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US Inflation Index Eases

FILE: A person counting U.S. $100 currency bills in this representative illustration. Taken Monday, Dec. 26, 2016

WASHINGTON - The Federal Reserve's favored measure of inflation slowed last month, providing some much-needed relief as it attempts to balance tackling higher prices with banking concerns.

The annual personal consumption expenditures price index (PCE) slowed to 5 percent in February from 5.3 percent a month earlier, with increases recorded in the cost of food, energy and goods, according to data released Friday by the Bureau of Economic Analysis.

But core PCE, which excludes volatile food and energy costs, only slowed slightly to record an annual increase of 4.6 percent in February, down from 4.7 percent in January.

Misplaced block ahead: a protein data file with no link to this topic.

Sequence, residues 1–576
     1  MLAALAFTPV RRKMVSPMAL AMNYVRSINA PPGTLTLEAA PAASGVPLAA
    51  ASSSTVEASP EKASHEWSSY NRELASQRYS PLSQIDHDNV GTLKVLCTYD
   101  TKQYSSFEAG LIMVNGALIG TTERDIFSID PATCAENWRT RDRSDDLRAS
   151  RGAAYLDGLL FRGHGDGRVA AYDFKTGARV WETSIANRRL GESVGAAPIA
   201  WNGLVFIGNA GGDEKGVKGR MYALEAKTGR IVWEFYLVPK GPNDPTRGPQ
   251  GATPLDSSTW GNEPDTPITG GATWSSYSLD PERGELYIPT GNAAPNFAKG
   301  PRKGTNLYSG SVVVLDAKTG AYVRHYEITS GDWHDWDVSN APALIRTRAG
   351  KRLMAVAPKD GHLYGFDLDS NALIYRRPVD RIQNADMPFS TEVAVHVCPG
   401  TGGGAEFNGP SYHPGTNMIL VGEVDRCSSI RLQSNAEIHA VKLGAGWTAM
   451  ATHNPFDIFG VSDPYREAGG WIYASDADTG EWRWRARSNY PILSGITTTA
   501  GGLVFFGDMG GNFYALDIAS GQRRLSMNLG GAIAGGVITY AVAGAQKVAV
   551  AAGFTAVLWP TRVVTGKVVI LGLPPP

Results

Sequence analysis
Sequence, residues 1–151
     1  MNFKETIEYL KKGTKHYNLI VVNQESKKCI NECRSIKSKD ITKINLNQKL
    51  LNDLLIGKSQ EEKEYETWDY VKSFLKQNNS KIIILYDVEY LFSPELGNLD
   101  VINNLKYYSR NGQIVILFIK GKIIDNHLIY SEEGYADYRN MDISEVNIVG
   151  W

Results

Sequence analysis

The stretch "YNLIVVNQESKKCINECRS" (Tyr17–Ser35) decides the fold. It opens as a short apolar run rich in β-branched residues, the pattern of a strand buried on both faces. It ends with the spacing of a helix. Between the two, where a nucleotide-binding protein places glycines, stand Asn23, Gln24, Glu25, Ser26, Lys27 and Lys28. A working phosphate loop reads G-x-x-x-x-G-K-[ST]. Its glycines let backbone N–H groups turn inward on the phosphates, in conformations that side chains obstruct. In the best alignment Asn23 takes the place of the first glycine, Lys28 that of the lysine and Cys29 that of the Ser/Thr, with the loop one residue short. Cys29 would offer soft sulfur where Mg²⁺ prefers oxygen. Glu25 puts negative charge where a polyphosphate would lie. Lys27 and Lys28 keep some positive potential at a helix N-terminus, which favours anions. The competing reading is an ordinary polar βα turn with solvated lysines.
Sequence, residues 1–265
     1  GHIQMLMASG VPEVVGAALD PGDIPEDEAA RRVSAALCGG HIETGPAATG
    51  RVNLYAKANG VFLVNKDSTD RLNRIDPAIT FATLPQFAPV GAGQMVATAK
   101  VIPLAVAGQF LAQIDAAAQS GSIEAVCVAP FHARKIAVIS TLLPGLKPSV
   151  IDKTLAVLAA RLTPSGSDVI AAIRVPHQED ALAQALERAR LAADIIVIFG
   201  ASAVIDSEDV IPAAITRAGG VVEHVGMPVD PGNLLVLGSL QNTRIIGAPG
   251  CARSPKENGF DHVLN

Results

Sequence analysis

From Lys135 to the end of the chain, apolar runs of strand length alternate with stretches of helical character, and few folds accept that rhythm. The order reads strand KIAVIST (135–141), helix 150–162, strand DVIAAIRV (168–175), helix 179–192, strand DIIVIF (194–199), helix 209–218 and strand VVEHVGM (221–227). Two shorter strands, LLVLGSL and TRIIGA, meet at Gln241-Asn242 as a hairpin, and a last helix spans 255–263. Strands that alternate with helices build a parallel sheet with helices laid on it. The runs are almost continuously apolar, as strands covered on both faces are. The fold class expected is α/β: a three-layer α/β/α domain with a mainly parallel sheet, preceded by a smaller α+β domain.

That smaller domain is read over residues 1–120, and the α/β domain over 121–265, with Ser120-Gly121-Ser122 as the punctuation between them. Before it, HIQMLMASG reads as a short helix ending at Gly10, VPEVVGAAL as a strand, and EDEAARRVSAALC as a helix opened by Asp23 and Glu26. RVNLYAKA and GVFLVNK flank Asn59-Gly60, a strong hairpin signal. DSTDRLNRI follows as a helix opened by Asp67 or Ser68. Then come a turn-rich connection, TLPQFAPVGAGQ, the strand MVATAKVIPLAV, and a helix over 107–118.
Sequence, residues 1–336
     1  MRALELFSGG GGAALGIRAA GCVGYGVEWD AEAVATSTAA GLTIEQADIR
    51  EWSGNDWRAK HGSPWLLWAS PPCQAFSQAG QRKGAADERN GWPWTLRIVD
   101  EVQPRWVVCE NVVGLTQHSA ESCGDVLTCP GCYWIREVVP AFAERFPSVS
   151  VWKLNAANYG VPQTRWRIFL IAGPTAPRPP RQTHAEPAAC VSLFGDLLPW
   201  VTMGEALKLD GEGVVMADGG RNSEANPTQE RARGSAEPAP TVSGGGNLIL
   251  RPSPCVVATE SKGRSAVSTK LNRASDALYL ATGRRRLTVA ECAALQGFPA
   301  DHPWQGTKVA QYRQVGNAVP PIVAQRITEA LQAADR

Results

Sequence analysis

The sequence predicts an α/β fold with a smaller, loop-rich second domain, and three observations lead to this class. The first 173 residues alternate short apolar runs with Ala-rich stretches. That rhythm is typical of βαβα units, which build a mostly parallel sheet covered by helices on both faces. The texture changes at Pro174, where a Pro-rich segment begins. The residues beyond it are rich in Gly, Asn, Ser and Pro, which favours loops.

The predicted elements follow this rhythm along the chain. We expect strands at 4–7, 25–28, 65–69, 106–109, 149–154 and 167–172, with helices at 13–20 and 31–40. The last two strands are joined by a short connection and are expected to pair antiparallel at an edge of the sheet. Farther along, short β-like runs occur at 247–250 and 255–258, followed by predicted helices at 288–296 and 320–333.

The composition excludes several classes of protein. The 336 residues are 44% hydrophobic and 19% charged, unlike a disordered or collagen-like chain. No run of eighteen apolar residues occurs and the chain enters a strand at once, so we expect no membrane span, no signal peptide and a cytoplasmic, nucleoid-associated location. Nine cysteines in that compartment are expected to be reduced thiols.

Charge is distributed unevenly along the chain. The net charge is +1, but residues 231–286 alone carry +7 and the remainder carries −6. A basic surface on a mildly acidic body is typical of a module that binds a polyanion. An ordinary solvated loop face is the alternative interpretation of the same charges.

While the decline in headline inflation is positive news for the Fed, it shows price rises remain elevated and well above the US central bank's long-term target of two percent.

The Fed has hiked interest rates nine times since last March in a bid to bring down rising inflation.

At its recent rate decision, Fed chair Jerome Powell suggested the central bank may only raise rates once more and then bring its current hiking cycle to a halt.

On a month-to-month basis, the PCE price index rose by 0.3 percent from January to February, half the monthly increase recorded a month earlier.